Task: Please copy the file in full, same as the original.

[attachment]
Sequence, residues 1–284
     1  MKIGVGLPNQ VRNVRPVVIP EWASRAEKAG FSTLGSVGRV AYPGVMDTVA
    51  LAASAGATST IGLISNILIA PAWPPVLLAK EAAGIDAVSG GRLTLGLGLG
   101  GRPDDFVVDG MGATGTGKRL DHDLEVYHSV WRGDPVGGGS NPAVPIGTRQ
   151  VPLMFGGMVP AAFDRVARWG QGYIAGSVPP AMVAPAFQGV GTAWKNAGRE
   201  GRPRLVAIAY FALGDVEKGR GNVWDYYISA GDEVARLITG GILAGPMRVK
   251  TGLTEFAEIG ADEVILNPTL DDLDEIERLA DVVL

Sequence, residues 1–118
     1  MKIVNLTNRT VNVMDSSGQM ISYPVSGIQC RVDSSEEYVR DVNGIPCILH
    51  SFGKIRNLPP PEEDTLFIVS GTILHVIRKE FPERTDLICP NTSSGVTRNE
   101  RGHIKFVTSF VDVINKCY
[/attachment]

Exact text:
Sequence, residues 1–284
     1  MKIGVGLPNQ VRNVRPVVIP EWASRAEKAG FSTLGSVGRV AYPGVMDTVA
    51  LAASAGATST IGLISNILIA PAWPPVLLAK EAAGIDAVSG GRLTLGLGLG
   101  GRPDDFVVDG MGATGTGKRL DHDLEVYHSV WRGDPVGGGS NPAVPIGTRQ
   151  VPLMFGGMVP AAFDRVARWG QGYIAGSVPP AMVAPAFQGV GTAWKNAGRE
   201  GRPRLVAIAY FALGDVEKGR GNVWDYYISA GDEVARLITG GILAGPMRVK
   251  TGLTEFAEIG ADEVILNPTL DDLDEIERLA DVVL

Sequence, residues 1–118
     1  MKIVNLTNRT VNVMDSSGQM ISYPVSGIQC RVDSSEEYVR DVNGIPCILH
    51  SFGKIRNLPP PEEDTLFIVS GTILHVIRKE FPERTDLICP NTSSGVTRNE
   101  RGHIKFVTSF VDVINKCY